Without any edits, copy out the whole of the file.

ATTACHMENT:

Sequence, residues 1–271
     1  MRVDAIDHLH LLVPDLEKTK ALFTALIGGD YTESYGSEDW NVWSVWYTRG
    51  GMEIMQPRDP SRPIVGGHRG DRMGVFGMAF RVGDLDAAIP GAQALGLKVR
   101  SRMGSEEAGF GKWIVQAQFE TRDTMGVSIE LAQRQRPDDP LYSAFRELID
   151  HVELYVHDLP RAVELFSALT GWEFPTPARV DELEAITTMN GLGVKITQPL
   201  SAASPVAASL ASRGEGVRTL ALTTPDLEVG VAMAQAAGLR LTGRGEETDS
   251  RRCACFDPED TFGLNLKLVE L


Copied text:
Sequence, residues 1–271
     1  MRVDAIDHLH LLVPDLEKTK ALFTALIGGD YTESYGSEDW NVWSVWYTRG
    51  GMEIMQPRDP SRPIVGGHRG DRMGVFGMAF RVGDLDAAIP GAQALGLKVR
   101  SRMGSEEAGF GKWIVQAQFE TRDTMGVSIE LAQRQRPDDP LYSAFRELID
   151  HVELYVHDLP RAVELFSALT GWEFPTPARV DELEAITTMN GLGVKITQPL
   201  SAASPVAASL ASRGEGVRTL ALTTPDLEVG VAMAQAAGLR LTGRGEETDS
   251  RRCACFDPED TFGLNLKLVE L